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Aug. 30 2012 09:53 AM

Free address correction that comes with Full Service Intelligent Mail Barcodes sounds like a great deal. And it is. But it shouldn't be the only way that you correct your addresses.

ACS is a post-mailing method of acquiring the updated addresses of consumers who have moved and filed address change forms with the Postal Service. As companies actively seek to substitute First Class mail with less expensive ways to communicate, they may be losing track of their customers who have moved. For instance, suppose your company has been successfully convincing a portion of your customers to suppress paper statements. Suddenly, your monthly affirmation that the customer still lives at the address you have on file disappears. If they move, you may never know it.

Address correction? We don't need no stinkin' Oh - wait a minute

After moving, the paperless customer will still get his statement right there in his email box, the digital postal delivery service, or on your online web portal. He may never think to proactively contact your company to change his mailing address. "So what you say?", "They are still getting the statement and we're saving a ton of money on printing and mailing costs".

All well and good until you need to mail them something in physical form. Maybe it's a benefit book, an annual report, a check, a membership card, product samples, or something else that can't be delivered digitally. Or maybe you're running a multi-channel marketing campaign with QR codes linked to personalized landing pages. Without the proper address on file, your mail piece will be delayed, or maybe even destroyed if it is undeliverable as addressed.

The impact that stale addresses could have on the response rate for a direct mail piece sent as Standard Mail could be severe. You may have spent months persuading the marketing department to add direct mail back into the strategy, only to have the effort fail miserably because of out-of-date addresses. The money spent on the campaign will seem to have been wasted. And the marketing people may be convinced they shouldn't be spending their money on direct mail anymore, since the results were so poor. Not a good outcome if your livelihood depends on the mail.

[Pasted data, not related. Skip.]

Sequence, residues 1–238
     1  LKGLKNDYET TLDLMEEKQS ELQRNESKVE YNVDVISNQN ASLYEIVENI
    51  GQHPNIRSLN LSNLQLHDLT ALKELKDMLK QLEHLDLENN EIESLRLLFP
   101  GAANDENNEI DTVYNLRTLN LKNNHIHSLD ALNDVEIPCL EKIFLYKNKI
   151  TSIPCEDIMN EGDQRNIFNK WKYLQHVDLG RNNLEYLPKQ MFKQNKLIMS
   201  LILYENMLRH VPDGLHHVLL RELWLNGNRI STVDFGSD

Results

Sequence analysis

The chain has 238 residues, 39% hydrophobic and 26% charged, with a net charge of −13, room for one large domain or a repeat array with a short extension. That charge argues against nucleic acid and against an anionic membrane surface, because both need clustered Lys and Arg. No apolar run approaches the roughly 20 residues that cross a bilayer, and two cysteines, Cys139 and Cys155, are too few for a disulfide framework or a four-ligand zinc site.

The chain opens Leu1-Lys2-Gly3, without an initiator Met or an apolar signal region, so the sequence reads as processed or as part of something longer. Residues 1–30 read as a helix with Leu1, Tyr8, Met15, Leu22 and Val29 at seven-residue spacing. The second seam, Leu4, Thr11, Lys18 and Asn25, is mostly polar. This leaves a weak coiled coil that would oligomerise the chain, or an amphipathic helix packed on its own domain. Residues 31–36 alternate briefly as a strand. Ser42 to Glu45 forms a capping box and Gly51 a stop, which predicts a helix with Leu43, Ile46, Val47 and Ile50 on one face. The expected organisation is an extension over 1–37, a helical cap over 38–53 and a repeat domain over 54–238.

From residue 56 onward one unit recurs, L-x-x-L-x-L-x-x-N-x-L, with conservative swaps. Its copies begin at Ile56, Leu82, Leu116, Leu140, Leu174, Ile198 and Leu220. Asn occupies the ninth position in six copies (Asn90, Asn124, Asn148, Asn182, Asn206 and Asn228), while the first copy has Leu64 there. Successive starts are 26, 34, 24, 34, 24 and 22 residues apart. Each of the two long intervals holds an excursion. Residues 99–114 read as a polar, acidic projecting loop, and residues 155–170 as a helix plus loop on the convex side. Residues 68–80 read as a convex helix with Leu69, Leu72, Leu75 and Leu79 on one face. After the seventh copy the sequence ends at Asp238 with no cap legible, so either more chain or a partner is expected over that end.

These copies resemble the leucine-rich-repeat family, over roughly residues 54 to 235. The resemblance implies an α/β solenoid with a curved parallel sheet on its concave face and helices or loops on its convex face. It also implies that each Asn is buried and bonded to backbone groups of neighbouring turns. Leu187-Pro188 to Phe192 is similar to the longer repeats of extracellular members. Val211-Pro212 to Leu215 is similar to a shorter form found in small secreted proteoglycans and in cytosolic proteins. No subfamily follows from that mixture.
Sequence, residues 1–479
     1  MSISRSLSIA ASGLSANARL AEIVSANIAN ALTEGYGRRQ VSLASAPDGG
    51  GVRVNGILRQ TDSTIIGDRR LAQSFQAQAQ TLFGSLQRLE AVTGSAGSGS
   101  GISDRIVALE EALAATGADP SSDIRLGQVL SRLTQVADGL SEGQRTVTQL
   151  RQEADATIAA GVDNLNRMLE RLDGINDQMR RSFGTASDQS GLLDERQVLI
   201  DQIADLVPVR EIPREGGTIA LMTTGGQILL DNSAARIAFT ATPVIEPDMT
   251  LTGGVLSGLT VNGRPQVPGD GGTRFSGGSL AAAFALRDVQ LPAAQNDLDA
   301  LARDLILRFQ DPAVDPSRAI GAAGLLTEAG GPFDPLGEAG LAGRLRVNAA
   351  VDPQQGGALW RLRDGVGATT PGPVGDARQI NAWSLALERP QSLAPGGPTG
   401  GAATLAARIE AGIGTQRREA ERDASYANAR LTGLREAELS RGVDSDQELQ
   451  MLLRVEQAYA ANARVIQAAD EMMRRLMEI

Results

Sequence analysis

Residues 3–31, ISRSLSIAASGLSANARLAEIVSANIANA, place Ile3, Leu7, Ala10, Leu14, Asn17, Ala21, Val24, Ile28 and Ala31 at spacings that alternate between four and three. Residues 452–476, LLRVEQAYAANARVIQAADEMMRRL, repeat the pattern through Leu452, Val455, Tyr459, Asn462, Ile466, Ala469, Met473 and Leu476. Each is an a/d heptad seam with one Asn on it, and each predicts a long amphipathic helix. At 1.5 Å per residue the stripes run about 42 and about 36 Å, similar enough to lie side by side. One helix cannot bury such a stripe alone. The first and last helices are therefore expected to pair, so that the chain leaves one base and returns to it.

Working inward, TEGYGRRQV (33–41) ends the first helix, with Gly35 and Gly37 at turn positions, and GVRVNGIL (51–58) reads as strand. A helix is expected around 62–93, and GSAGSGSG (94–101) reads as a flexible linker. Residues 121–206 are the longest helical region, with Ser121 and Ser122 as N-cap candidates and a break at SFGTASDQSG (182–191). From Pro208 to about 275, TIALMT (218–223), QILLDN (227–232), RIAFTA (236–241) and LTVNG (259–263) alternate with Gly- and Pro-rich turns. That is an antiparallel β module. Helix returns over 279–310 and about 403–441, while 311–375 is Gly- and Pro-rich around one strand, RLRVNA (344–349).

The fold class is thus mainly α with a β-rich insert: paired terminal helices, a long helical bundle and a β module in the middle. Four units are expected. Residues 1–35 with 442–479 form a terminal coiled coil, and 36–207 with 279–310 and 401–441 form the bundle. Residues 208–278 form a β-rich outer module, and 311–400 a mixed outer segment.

Lots of movers to track
If your organization uses a post-mailing method for informing you that some of your customers have moved - and you've stopped mailing to them, your address list could be 10%-15% out of date very quickly. Almost 40 million people moved in 2011. And keep in mind that new delivery points are being added all the time - over 600,000 of them last year. Some of these new addresses resulted in the splitting or combining of zip codes. So if you're not doing address correction processing for paperless customers, then those records could be out of date as well.

If your product or promotions somehow depend on the physical location of the customers then losing track of movers can even affect digitally-delivered messages. I've used the example before of the car manufacturer who regularly sends me email service coupons that are valid at the dealership where I bought the car - now over 2,000 miles away from where I live. Not only does this mistake make them seem inattentive, it robs a local dealership from attracting my business because I don't get coupons from them.

NCOA to the rescue
Whenever we run across a situation like this (and it seems to be getting more common) we suggest that our customers implement a regimen of processing their entire address list against the NCOA (National Change of Address) file every quarter. That will ensure that physical mail will continue to be deliverable with a minimum of waste and that location-dependent marketing content hits the intended target.

Digital delivery and paper suppression are wonderful ways to take costs out of customer communications. But few companies abandon mail altogether. If you're going use the mail even occasionally it pays to keep the addresses up to date.

Mike Porter is President of Print/Mail Consultants, an independent consulting firm that helps companies nationwide be more productive, adapt to changing requirements, and lower costs in their document operations. For more ideas about how to make mail work for you, connect with Mike directly at Or visit and sign up for Practical Stuff - the free newsletter dedicated to document operations professionals.